Smallholder Herpit Built His House In The Sengon Garden

13. December 2022|In Indonesia, Stories
Herpit stands happily in his sengon forest

If you take an adventurous drive of several hours from Palangka Raya, the capital of Central Kalimantan, into the heart of Borneo, you will eventually come across a truly special house on the side of a narrow country road near the village of Jalemu Raya. Far from supermarkets or malls, and far from the traffic and hustle and bustle of the city, Herpit, an Indonesian smallholder, lives here with his wife in the middle of their plot of Sengon trees. Talking to the two of them, you immediately sense that the people residing here are even more remarkable than their accommodation.

Herpit's house in the middle of Sengon field

“In the past,” Herpit says, “I mainly grew rubber and vegetables to make a living for myself and my family.” Then, in 2015, he heard about the 100 Million Trees project, which back then was called 1 Million Trees. His curiosity left him no choice, so he started planting sengon seedlings in his field for the first time.

In his community, the program has since created a sense of change and progress, Herpit notes. And that is also to his credit. Because he was one of the earliest participants in the project and is held in high esteem in the village, Herpit is seen as a point of reference for many other smallholders who have been inspired by his pioneering work and are now cultivating fast-growing timber species themselves.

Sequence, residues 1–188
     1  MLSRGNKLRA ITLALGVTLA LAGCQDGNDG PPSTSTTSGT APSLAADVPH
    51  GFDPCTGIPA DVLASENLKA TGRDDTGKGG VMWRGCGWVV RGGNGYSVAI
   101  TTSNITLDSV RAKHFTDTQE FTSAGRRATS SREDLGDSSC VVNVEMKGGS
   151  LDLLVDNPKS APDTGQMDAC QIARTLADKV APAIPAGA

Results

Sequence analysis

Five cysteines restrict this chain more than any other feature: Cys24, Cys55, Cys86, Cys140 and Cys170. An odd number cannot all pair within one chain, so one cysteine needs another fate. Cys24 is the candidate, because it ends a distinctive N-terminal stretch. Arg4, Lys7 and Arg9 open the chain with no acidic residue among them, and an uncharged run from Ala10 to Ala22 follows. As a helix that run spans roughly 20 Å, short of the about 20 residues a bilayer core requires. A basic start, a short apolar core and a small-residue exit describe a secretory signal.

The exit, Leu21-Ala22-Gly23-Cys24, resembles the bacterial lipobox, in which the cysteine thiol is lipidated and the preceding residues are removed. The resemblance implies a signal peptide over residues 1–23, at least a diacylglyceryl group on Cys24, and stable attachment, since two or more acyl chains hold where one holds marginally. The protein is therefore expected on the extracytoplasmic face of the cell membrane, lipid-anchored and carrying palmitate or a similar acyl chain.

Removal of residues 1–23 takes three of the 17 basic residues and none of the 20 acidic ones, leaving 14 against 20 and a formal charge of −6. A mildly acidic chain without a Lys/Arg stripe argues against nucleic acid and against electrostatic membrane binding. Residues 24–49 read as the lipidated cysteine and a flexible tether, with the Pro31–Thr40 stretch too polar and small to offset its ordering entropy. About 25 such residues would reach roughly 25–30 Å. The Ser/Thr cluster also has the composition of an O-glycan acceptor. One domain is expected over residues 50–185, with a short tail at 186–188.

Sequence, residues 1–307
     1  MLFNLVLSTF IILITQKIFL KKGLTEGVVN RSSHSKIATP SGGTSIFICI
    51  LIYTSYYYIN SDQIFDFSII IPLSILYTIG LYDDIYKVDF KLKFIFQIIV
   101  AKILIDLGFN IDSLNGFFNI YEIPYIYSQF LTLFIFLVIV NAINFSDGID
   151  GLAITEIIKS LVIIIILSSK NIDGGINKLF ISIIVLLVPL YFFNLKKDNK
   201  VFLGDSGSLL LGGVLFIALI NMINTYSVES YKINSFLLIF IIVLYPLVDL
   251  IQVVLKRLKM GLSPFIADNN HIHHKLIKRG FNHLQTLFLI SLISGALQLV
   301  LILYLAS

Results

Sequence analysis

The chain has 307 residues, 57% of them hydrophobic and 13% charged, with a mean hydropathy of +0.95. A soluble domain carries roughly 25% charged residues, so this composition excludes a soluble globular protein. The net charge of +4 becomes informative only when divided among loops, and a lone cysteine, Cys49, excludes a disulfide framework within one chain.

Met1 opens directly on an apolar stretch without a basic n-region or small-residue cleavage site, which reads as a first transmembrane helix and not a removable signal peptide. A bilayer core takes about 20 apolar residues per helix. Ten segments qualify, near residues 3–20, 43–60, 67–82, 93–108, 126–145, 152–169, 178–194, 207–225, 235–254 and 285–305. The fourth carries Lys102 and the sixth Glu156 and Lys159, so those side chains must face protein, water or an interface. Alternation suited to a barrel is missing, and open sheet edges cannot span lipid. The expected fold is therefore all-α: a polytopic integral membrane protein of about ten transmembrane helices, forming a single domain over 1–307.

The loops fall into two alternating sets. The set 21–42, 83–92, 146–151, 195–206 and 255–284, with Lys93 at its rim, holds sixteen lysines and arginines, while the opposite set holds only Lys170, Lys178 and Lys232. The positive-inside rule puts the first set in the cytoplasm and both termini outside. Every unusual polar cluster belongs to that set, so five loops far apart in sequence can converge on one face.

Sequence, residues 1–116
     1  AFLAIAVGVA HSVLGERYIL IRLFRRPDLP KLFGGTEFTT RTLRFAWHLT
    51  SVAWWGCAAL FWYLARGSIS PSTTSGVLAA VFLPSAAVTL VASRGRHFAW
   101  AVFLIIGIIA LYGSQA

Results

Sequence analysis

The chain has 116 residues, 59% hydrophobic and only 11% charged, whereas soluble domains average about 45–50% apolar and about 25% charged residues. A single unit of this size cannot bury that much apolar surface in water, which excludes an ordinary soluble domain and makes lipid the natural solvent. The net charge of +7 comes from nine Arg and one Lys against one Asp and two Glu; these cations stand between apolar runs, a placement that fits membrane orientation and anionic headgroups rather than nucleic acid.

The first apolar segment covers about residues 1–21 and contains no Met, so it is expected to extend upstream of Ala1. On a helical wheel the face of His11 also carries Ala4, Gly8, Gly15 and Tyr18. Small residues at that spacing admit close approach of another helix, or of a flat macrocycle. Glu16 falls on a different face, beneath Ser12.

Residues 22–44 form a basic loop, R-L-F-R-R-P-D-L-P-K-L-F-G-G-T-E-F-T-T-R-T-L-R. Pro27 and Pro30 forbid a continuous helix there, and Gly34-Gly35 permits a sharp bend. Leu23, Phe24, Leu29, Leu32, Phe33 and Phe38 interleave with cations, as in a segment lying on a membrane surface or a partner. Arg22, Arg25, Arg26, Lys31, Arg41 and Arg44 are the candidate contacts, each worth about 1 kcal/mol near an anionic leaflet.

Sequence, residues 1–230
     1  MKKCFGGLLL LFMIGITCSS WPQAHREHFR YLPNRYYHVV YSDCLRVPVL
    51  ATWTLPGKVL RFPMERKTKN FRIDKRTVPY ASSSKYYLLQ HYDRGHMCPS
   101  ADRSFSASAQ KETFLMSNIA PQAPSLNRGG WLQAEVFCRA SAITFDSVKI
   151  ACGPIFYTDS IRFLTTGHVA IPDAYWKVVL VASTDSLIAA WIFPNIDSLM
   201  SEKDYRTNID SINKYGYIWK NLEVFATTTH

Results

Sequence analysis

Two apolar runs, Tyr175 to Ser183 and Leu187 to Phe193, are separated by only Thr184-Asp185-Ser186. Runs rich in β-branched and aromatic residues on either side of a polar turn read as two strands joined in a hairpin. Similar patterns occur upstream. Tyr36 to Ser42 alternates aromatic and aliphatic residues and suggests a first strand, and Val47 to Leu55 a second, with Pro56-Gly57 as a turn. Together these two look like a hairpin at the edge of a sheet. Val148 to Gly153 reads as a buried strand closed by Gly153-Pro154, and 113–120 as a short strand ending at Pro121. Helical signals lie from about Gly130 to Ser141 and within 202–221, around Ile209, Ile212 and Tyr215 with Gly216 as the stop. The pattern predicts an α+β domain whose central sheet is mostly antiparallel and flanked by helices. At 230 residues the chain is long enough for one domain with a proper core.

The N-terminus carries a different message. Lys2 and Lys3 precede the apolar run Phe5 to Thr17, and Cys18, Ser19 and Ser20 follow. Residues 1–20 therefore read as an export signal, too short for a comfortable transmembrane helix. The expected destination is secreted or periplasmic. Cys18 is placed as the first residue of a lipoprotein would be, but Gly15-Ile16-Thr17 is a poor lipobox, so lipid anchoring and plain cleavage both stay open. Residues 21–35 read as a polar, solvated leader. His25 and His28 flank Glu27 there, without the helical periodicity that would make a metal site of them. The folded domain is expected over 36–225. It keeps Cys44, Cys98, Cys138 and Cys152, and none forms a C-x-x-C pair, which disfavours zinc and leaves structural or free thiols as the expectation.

Herpit us a woman work in young sengon forest

“Keeping up the enthusiasm”

Herpit’s field is a prime example of the impressive speed with which sengon trees grow in Borneo’s tropical climate. Seven years after planting the first seedlings, Herpit’s plot has transformed into a small sengon forest. But that’s not the only special thing about this place. In order to take even better care of his trees, the small farmer built his home in the middle of the trees.

“I built our house right here in the sengon garden because my wife and I wanted to take care of the plants ourselves. I also wanted to grow more intercrops,” Herpit explains. He takes advantage of agroforestry, where trees and crops stand side by side in the same field. Herpit cultivates a variety of vegetables that he can sell at market to generate additional income.

Herpit and his wife stand in young sengon forest and laugh into camera

Even after seven years of growing sengon, Herpit and his wife remain curious and attentive. “Sometimes we discover harmful fungi or diseases, and don’t know how to fix that right away,” Herpit says. That’s when the Fairventures field facilitators come in and give directions on how to deal with these issues, for example by mowing the grass or improving sanitation and maintenance around the trees.

Herpit and his wife want to continue growing sengon. The curiosity that led the smallholder to join the project seven years ago now ensures that he wants to learn more and more about the lightwoods. “My hope for the future is that we remain enthusiastic, and that the project continues to help spur positive change in the region.” Herpit will, of course, be keeping a close eye on the development of his own field. After all, all he has to do for that is look out the window.